Mortgages rise, again
Mortgages rise, again
Even before the Federal Reserve raised short-term rates, mortgages already had gone up to their highest level in nearly three years.
Mortgage rates probably won’t stop rising. The Fed is even more sure that it will hike two more times this year. Mortgage rates could wind up dipping in reaction to the latest Fed rate hike, although that’s not a sure thing. If they do fall a bit, don’t be surprised if they resume their upward path a few days later.
Homebuyers and refinancers should get mortgages sooner rather than later if they want to seize the lowest rates.
Buying a home or refinancing soon? Here’s what you should do:
■ If you’re closing by March 22: Lock.
■ If you’re closing by March 29: Float.
■ If you’re closing by mid-April: Float.
■ If you’re closing by mid-May: Float.
Beware higher HELOC rates
Every three months, the central bank delivers its best guess as to where the overall economy is headed. This time it raised its inflation expectations slightly for 2017, and it signaled that it won’t freak out if inflation exceeds its 2 percent target for a while. Policymakers are more decisive that they will increase short-term rates three times this year, instead of once or twice.
Interest rates on home equity lines of credit, known as HELOCs, will go up a quarter of a percentage point as a result of the Fed’s rate increase. HELOC borrowers will see the higher rate reflected in the next billing statement or the one after that. For homeowners who need an inexpensive source to borrow from, rates are still attractive on HELOCs.
Mortgage rates this week
The benchmark 30-year fixed-rate mortgage rose this week to 4.44 percent from 4.38 percent, according to Bankrate’s weekly survey of large lenders. A year ago, it was 3.93 percent. Four weeks ago, the rate was at an average of 4.35 percent.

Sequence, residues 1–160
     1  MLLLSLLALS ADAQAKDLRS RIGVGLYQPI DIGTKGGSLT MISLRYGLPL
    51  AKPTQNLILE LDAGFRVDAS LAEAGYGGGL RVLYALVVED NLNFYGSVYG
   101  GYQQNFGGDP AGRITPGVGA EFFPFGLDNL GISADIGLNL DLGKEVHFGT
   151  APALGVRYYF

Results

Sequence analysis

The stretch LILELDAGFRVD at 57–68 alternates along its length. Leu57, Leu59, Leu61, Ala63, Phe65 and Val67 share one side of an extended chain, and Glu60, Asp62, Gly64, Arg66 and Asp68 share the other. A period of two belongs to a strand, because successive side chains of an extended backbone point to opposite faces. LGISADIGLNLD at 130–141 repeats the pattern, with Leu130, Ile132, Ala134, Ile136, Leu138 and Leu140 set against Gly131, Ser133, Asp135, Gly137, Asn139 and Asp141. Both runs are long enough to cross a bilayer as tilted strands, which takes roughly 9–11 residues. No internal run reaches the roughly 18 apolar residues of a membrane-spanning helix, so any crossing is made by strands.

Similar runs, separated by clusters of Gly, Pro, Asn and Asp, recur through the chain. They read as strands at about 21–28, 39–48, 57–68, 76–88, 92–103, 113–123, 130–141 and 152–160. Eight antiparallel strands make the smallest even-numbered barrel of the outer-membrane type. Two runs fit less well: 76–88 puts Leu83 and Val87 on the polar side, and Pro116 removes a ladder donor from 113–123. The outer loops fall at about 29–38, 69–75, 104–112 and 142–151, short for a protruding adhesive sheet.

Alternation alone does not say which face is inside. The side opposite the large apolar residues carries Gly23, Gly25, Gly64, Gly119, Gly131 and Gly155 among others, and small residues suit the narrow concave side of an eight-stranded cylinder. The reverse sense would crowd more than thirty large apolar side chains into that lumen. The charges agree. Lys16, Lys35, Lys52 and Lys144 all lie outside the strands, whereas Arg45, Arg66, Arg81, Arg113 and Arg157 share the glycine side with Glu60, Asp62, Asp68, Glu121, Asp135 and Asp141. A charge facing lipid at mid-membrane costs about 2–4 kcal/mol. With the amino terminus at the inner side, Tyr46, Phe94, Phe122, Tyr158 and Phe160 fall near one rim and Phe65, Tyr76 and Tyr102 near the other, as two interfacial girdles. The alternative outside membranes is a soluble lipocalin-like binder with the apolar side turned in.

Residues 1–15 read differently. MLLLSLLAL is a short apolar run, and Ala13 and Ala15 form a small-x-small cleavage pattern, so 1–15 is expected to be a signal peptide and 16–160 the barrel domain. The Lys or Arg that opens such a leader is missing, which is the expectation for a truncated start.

This is the highest rate for the 30-year fixed since April 23, 2014, when it was 4.48 percent.
The mortgages in this week’s survey had an average total of 0.28 discount and origination points.
Over the past 52 weeks, the 30-year fixed has averaged 3.87 percent. This week’s rate is 0.57 percentage points higher than the 52-week average.
Other key mortgage rates:
■ The 15-year fixed-rate mortgage rose to an average of 3.64 percent, from 3.57 percent.
■ The average 5/1 adjustable-rate mortgage rose to 3.60 percent, from 3.57 percent.
■ The 30-year fixed-rate jumbo mortgage rose to an average of 4.43 percent, from 4.35 percent.
Although mortgage rates are likely to rise gradually through the year, you shouldn’t rush out and do something rash, says Rick Sharga, executive vice president of Ten-X, home to an online home auction marketplace. He points out that most projections don’t have mortgage rates going much past 4.75 percent by the end of this year.
This week’s average mortgage rate is within striking distance of 4.5 percent. Principal and interest on a $200,000, 30-year mortgage at 4.5 percent is $1,013. At a rate of 4.75 percent, that payment rises to $1,043.
To put rates in more perspective, the 30-year fixed has averaged 6.16 percent over the last 25 years, making current mortgage rates a bargain.